‘Kajola’ is Nigeria’s first science fiction movie. Please tell us the story behind creating it?
I came in as executive producer after the same team who I worked with on ‘Nnenda’ brought this unique project to my attention. Adonis Productions is synonymous with good stuff and so naturally I took a keen interest, but what appealed to me with Kajola, was the tale of two cities, two classes, the rich and the poor. It resonated powerfully with me and I simply had to be part of telling that story. Trying new things is also one of the signatures for the Adonis’ team, so being a part of the crew that brought you the first science fiction full feature film was not an accolade I could reject.
What’s at the back of your mind when you are making a movie?
Good. It is what message am I sending? To me, Nigeria’s, Africa’s biggest challenge is re-orientation. I want to use film to get you to have a rethink. I want you to use film to escape from the stress and I want to use film to keep people busy. Nnenda was about orphans, Kajola was about the poor while ‘76 is about Nigeria. My hope is that as people watch these powerful films; they see what I saw, escape from the day-to-day and then immerse themselves in how life should be. If we succeed, we will get more youths empowered, and that is the ultimate goal. Over 200 cast and crew were used in ‘76. Apprenticeship programmes took place on set. Up and coming actors then, are now winning best actor now. Top directors today were associate directors then. We want to give to the industry, not simply to take away from it.
Since you ventured into the industry, which has been the most challenging of your films?
No doubt it’s ‘76. It’s the first movie we did on celluloid. First movie to be shot in an army barracks, first blockbuster in our pack, first movie to do a private screening within post-production. First this, first that. But as it was challenging, it has also been very rewarding. To see the child grow into a man leaves a smile on the face. All in all it took us seven years to get here. I am my own worst constructive critic, but I can look back on ‘76 and say ‘Wow, we tried!’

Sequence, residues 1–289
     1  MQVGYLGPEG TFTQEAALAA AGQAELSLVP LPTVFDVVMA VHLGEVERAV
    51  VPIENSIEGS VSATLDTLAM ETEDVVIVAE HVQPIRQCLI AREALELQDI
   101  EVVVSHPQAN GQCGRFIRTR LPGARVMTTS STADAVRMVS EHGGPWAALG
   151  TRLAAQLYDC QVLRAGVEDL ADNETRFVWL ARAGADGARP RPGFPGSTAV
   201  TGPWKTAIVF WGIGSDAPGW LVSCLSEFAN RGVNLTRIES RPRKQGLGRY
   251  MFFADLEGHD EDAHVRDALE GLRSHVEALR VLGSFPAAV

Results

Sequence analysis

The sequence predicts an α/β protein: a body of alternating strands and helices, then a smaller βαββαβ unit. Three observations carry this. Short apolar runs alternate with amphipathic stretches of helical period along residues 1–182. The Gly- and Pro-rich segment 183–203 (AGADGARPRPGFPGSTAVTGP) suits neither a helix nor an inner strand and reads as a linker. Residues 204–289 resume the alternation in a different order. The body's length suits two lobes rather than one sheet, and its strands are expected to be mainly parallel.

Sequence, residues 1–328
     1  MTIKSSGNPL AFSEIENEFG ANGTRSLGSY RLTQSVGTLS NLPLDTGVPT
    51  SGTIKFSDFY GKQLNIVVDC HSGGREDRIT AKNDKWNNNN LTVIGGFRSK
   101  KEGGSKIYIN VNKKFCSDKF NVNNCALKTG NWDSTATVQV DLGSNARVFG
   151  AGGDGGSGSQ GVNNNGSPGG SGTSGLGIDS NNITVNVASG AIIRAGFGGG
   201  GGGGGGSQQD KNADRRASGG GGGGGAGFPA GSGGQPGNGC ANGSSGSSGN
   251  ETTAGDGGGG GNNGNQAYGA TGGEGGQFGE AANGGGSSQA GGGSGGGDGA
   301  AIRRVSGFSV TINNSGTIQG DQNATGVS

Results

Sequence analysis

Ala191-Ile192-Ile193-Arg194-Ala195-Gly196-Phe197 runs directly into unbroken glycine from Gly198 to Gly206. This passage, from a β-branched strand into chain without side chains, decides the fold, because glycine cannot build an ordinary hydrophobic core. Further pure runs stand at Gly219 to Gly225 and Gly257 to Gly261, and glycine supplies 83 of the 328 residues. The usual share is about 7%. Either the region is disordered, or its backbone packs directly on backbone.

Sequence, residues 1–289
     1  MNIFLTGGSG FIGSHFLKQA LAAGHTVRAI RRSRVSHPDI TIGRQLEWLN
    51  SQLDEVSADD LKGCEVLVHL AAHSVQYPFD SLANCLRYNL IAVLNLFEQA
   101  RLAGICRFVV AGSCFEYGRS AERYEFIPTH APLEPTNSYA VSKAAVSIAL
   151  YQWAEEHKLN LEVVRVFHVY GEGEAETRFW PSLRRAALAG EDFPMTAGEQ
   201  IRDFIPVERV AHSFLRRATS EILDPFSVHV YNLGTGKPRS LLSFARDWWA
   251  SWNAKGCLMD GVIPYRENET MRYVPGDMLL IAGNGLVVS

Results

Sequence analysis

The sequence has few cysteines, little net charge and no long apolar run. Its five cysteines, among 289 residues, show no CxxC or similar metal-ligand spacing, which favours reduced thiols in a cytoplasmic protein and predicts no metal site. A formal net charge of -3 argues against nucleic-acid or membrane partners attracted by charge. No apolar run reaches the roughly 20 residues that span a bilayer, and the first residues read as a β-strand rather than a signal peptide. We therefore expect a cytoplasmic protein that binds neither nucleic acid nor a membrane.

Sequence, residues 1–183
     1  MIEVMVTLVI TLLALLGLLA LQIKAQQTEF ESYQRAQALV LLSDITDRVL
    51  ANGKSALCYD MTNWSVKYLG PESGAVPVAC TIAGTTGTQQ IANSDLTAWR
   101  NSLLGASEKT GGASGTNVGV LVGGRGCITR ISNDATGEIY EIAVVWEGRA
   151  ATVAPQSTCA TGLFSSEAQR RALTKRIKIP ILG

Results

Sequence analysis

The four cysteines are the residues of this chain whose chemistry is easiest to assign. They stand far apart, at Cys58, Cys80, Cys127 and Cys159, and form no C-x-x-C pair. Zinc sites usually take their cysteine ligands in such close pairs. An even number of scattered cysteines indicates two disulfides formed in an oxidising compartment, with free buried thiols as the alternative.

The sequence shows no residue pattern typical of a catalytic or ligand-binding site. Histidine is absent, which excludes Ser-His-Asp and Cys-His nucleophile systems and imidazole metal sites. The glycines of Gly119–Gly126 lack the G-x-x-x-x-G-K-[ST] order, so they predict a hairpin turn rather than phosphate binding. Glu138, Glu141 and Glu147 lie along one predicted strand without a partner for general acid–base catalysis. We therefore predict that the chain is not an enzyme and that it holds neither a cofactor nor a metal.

Do you intend to commercialise your movies and when?
We will. Content, as one media executive here told me, is key. It always has value. Just like time. Nobody is in possession of any of our rights – yet. We will choose very carefully before we decide, but very soon, our films will be available for your viewing pleasure. You can count on that. Having said that, it is not all about the money. Alliances need to be built and we are almost there.
How are you able to fund other projects without commercialising them?
By taking small bites and not biting more than we can chew. Also by taking our time to get it right when we can. The search for cash is a skill by His grace. It is not by sheer strength nor by might. You can easily run into bad debts while searching for good money, especially if you talk to the wrong people. We handle long-term money. So, we have minimum pressure. As we build the right teams, funding for other projects will emerge, while revenue from existing ones will come back. Movie making is a business.
At what point did you decide to do ‘76 and what was the motivation?
‘76 is a game changer. It’s a new chapter in storytelling and the fact that it is based on real events is even more fascinating. So, as a story, we already knew we had something there. I had worked with Izu Ojukwu on ‘Nnenda’ before and so I knew his pedigree. He is meticulous, prudent and world class. So, I knew that with Adonis
Productions in the lead, nothing could go wrong. That was why I got involved. The movie went over-budget but that was due to changing locations twice and the need to satisfy military protocols. Let’s just say, getting the permission to shoot in a barracks was not as easy as we thought.
What was your experience getting the cast to fit into the 1976 setting?
That was the job for others. Mine was to give it a final nod and wink.